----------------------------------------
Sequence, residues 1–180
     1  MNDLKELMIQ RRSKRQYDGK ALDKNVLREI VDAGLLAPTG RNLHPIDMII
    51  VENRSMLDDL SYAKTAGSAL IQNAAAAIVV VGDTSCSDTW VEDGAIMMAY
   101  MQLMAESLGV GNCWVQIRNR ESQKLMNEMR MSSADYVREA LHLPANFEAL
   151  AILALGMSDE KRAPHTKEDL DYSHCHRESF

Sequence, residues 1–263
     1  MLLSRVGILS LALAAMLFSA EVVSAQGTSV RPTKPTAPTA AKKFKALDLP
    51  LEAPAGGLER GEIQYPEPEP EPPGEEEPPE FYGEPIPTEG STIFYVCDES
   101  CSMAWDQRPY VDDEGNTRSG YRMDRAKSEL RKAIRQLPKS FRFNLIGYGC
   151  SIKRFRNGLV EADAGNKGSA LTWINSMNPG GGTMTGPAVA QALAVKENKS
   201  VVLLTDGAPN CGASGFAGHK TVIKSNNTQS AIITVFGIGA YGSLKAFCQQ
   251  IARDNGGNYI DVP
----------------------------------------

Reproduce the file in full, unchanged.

Sequence, residues 1–180
     1  MNDLKELMIQ RRSKRQYDGK ALDKNVLREI VDAGLLAPTG RNLHPIDMII
    51  VENRSMLDDL SYAKTAGSAL IQNAAAAIVV VGDTSCSDTW VEDGAIMMAY
   101  MQLMAESLGV GNCWVQIRNR ESQKLMNEMR MSSADYVREA LHLPANFEAL
   151  AILALGMSDE KRAPHTKEDL DYSHCHRESF

Sequence, residues 1–263
     1  MLLSRVGILS LALAAMLFSA EVVSAQGTSV RPTKPTAPTA AKKFKALDLP
    51  LEAPAGGLER GEIQYPEPEP EPPGEEEPPE FYGEPIPTEG STIFYVCDES
   101  CSMAWDQRPY VDDEGNTRSG YRMDRAKSEL RKAIRQLPKS FRFNLIGYGC
   151  SIKRFRNGLV EADAGNKGSA LTWINSMNPG GGTMTGPAVA QALAVKENKS
   201  VVLLTDGAPN CGASGFAGHK TVIKSNNTQS AIITVFGIGA YGSLKAFCQQ
   251  IARDNGGNYI DVP